The mother of all financial collapses, and a new beginning


A dysfunctional debt-based monetary system, massive imbalances in the markets, immunity from prosecution for those responsible for the 2007-2009 crash, and inadequate responses on the part of Western central banks and governments have created gigantic, global commodity derivatives bubbles that will most likely burst by year’s end, causing a global financial collapse (Our Dysfunctional Monetary System, Forbes, 6 Feb 2016; Analyst: Here Comes the Biggest Stock Market Crash in a Generation, Fortune, 13 Jan 2016).

In such a scenario, banks would be bailed-in and this would produce huge layoffs. The US would hit the debt ceiling earlier than foreseen and would be forced to issue debt-free money (The Trillion-Dollar Platinum Coin Is Back, Bloomberg, 13 Mar 2015) to fund job-creating government spending.

This would, in turn, cause a worldwide flight from US$, a dramatic loss of confidence in the Federal Reserve, hyperinflation in the States, and an egregious overvaluation of the € currency and precious metals.

In order to ride out the storm and break free of the unilateral “Bretton Woods” system, BRICS countries would announce a new gold-backed, electronic currency for international trade settlements, presumably issued by their New Development Bank (In uncertain times, Germany takes more gold home, Reuters, 27 Jan 2016). It would be a common counting unit calculated on the composite exchange rates of a basket of major currencies available only to the Central Banks of the participating countries (Zhou Xiaochuan, Governor of the People’s Bank of China, Reform the international monetary system, BIS, 23 Mar 2009; RMB rate to depend more on basket of currencies: PBOC economist, China Daily, 12 Jan 2016). Eurozone countries would promptly apply for membership, as they did when the AIIB was launched (AIIB will “significantly” bring together Europe, Asia: Luxembourg minister , Xinhua 5 Nov 2015).

The new currency would likely prove a stabilizing novelty in world finance and politics. By contrast, the US$ would lose its privileged reserve status and the United States would no longer be able to export debt and inflation. New rules for a new architecture for the world economy and finance (Merkel and Sarkozy call for global ‘economic security’ council, EUObserver, 9 Jan 2009), as well as new methods of risk evaluation and investment (e.g. global project bonds to recycle surpluses as investments for infrastructures and research projects), would be introduced.

Rentier capitalism vs. productivist capitalism


There is a wealth of stunning proof (like the chart above) that the biggest risk is asset concentration at four banks, along with insane levels of derivatives concentration. The OCC reported that as of the first quarter of 2015, JPMorgan Chase, Bank of America, Goldman Sachs (yes, it owns an insured bank) and the bailed out Citigroup hold 91.3 percent of all derivatives on the books of all 6,419 insured banks. The total amount of derivatives is a stunning $203.1 trillion, meaning that just these four banks, seven years after the greatest financial collapse since the Great Depression, are still holding $185 trillion in derivatives.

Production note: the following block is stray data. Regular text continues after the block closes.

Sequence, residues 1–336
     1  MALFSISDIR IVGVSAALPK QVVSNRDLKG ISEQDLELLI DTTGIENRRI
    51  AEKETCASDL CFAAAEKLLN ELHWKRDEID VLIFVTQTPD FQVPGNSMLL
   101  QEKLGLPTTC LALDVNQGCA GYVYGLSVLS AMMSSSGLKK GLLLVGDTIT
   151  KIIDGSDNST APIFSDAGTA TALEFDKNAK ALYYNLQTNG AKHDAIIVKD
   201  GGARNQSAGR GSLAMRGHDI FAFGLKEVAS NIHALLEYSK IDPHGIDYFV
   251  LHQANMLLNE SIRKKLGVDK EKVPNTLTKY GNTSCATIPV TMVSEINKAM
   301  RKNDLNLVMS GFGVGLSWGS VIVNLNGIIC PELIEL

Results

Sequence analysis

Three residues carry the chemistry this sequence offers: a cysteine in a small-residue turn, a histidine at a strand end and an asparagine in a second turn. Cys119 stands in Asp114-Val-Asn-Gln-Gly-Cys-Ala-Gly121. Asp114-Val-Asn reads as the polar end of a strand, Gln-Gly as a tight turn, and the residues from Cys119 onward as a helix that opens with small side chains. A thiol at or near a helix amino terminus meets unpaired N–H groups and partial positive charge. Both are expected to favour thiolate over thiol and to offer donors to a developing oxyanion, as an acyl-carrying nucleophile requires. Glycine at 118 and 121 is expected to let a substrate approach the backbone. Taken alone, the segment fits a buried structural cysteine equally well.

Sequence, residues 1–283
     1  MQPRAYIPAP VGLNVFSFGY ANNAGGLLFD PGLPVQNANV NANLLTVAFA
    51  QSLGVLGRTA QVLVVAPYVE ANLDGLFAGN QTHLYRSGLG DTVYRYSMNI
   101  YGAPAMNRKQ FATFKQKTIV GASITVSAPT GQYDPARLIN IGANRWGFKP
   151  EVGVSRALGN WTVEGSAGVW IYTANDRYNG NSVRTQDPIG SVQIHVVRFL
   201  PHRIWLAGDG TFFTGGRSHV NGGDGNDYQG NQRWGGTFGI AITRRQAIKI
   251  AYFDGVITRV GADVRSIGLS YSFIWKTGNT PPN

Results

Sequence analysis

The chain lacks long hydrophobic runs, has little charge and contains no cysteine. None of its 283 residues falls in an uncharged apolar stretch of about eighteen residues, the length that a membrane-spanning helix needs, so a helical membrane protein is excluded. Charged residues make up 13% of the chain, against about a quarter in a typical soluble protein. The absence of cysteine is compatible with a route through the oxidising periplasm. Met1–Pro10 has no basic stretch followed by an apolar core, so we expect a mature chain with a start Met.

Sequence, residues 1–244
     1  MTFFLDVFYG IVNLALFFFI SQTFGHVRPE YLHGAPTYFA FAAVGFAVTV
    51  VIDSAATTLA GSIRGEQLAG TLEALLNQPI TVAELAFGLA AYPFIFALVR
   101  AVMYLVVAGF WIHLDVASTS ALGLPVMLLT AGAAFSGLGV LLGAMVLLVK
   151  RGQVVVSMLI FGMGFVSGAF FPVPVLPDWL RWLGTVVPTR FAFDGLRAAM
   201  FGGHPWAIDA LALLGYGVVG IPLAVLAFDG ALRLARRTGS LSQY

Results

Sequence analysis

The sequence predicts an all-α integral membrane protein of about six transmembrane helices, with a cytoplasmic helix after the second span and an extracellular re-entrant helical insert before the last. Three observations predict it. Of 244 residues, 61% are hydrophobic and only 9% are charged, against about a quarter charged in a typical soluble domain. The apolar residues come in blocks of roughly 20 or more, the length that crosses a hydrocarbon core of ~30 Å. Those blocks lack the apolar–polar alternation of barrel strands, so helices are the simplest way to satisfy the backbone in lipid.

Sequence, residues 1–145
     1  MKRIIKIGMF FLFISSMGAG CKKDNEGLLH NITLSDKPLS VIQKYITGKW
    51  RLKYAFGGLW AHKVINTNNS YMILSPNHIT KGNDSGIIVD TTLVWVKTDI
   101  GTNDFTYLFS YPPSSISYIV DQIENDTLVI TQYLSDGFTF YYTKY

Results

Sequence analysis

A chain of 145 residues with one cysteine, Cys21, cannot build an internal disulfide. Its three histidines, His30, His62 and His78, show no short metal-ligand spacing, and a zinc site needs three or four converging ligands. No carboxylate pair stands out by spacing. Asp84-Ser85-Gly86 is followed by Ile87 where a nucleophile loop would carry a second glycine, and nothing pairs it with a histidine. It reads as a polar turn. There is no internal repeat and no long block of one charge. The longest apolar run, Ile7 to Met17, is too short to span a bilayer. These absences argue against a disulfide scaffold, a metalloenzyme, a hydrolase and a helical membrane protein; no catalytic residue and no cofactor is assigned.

The head of Russia’s Central Bank is determined to increase the country’s gold reserves from $360.5 billion up to $500 billion.

China now knows that America will always be fundamentally uncooperative and that she must plan accordingly. This is why, with Russia’s support, she is ditching the dollar. She has been discouraged by America’s attitude into establishing a parallel financial and monetary system. In doing so, she needs to offer something better than the US dollar as a currency medium, because for her Pan-Asian development plans she will need to attract long-term funds from Western capital markets.

This is where the new BRICS bank comes in. Its priority will be to de-risk Asian currencies which are less credible in international markets than the dollar, yen, euro or sterling (the constituents of the IMF’s SDR). The obvious way to do this would be to incorporate something all Asians understand as money, and that is gold, which could be why most SCO member countries have been adding to their reserves. This would solve all cross-border currency issues within the SCO. While the West may not be initially impressed by such a development, a move by the BRICS bank to include gold in its own version of the SDR will in time highlight the relative weaknesses of a dollar-reserve system, particularly when Asia dumps its dollar reserves in favour of a BRICS super-currency.

This could mark the end of the era of pure fiat currencies, which started with the Nixon shock in 1971 when the Bretton Woods agreement died. Competition from gold-backed currencies from Asia would be the most serious threat yet faced by American hegemony.